- In 2008, when Spain surprised the home favorites Argentina at Mar del Plata, the Spaniards hung a sign in their locker room that read “Yes, we can.” In 2011, Argentina should have a poster that reads “Spain can beat Argentina on roller skates.” Such were the words spoken by Manolo Santana, 3-time Grand Slam winner. In the absence of any real trash-talking between the two sides, it seems Santana has taken it upon himself to light a fire underneath the rivalry.
- Christopher Clarey offers a look at David Nalbandian, the king for whom Davis Cup has become an “enduring obsession.” It’s a great read that touches on Nalby’s sometimes moody character, combined with the respect he’s earned among colleagues. At the end, Clarey speaks about the tensions that arose between DelPo and Nalby in 2008 and how their relationship has changed since then. He touches on Captain Tito’s efforts to bridge the tension between Nalby and DelPo, which includes the two “dining together occasionally on the road.”
- A short profile on Argentina’s DC Captain Tito: He was actually born in Spain, in a small town called–wait for it–Armada (near the Galician region). He emigrated with his parents to Argentina following World War II, but still has ties to his family in Spain. This is much like the upcoming Canada-France DC tie, in that there are ancestral ties that bind the two countries. Except Argentina-Spain seem to be conciliatory toward each other (with the exception of Manolo Santana)
- DelPo-Nalby relations: Spanish publication Marca recently published a short piece that claims DelPo and Nalby have never spoken to each other since arriving in Sevilla. It’s a fluff piece that includes a hilarious markup of a photo taken at Argentina’s presser, which measures the distance between DelPo and Nalby. Other sites made the same baseless claims during the Argentina-Serbia SF, so I wouldn’t take it too seriously.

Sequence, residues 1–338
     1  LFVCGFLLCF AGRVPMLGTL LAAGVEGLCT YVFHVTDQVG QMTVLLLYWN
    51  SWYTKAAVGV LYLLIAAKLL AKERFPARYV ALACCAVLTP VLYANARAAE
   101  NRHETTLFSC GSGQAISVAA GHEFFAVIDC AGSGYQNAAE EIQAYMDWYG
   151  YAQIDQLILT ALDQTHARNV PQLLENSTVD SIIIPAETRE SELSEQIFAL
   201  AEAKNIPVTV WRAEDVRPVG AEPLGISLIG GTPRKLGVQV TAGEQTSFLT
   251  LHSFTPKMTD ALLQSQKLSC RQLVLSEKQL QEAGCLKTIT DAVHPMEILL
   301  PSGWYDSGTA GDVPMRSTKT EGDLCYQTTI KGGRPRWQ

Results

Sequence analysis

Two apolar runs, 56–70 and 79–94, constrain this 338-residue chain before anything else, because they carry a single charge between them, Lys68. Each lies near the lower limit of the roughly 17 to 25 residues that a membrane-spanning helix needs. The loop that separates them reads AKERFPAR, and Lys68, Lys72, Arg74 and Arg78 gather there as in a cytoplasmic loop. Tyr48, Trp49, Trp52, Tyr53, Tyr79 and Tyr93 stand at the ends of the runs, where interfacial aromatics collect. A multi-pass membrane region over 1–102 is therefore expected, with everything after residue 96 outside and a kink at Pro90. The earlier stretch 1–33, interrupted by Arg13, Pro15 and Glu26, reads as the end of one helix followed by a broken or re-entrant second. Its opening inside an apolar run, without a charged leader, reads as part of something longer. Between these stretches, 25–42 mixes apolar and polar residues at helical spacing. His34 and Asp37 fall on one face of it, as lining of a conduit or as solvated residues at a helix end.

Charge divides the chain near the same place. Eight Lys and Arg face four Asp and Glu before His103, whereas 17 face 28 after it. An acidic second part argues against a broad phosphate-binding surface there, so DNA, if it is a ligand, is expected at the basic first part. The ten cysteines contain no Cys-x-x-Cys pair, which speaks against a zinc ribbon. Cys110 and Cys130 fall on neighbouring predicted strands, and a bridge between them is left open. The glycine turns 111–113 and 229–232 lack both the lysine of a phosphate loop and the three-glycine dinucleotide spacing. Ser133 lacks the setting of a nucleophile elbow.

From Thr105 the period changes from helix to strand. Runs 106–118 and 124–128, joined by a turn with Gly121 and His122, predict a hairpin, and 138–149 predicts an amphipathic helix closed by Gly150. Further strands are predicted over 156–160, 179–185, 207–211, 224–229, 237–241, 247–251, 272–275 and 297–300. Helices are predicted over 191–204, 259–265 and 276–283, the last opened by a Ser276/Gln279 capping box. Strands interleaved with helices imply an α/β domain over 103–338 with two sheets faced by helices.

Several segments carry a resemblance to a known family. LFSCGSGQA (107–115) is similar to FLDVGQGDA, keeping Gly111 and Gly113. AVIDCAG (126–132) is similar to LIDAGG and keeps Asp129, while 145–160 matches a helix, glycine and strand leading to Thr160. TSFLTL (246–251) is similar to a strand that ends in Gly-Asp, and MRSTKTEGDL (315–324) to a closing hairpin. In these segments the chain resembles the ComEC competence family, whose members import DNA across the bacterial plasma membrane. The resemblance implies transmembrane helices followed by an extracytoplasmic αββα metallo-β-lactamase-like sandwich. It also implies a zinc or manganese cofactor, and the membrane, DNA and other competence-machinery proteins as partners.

That said, it will always be complicated between DelPo and Nalby. I don’t think anyone can fault DelPo for choosing to play the 2008 WTF–given how happy Fish and Tipsy looked in London this year, anyone can see the WTF is a cherished experience for all.
In hindsight, it’s far too easy to label DelPo as selfish for his decision to play the 2008 WTF. But look at Verdasco in 2009—he seemed to be on the upswing in his career, which saw him qualify for the WTF. The contrast between Verdasco in 2009 and 2011 is pretty stark, which proves the point that no one can predict how well they’ll play the next year.
Of course, DelPo qualified for the WTF in 2009 and he nearly qualified again this year. Still, there was no way for him to know in 2008 whether his qualification was going to be a lone career highlight or the stepping stone to greater accomplishments. Personally, I think while DelPo may have hurt Argentina’s chances by playing WTF in 2008, you can’t blame him for his decision either. Davis Cup is a team sport and it’s unfair to burden one player with the dreams of his aging compatriot.
That said, Nalby is Nalby and his commitment to DC is simply unmatched. I liked an interview that Nalby recently gave, where he says “I don’t want to be a hero, I just want to win Davis Cup.” I think that attitude was missing in 2008, when he perhaps focused too much on becoming a hero. So that slight change, along with the lessons learned from 2008, seems like a good foundation for a working relationship between DelPo and Nalby. It’s mostly water under the bridge now.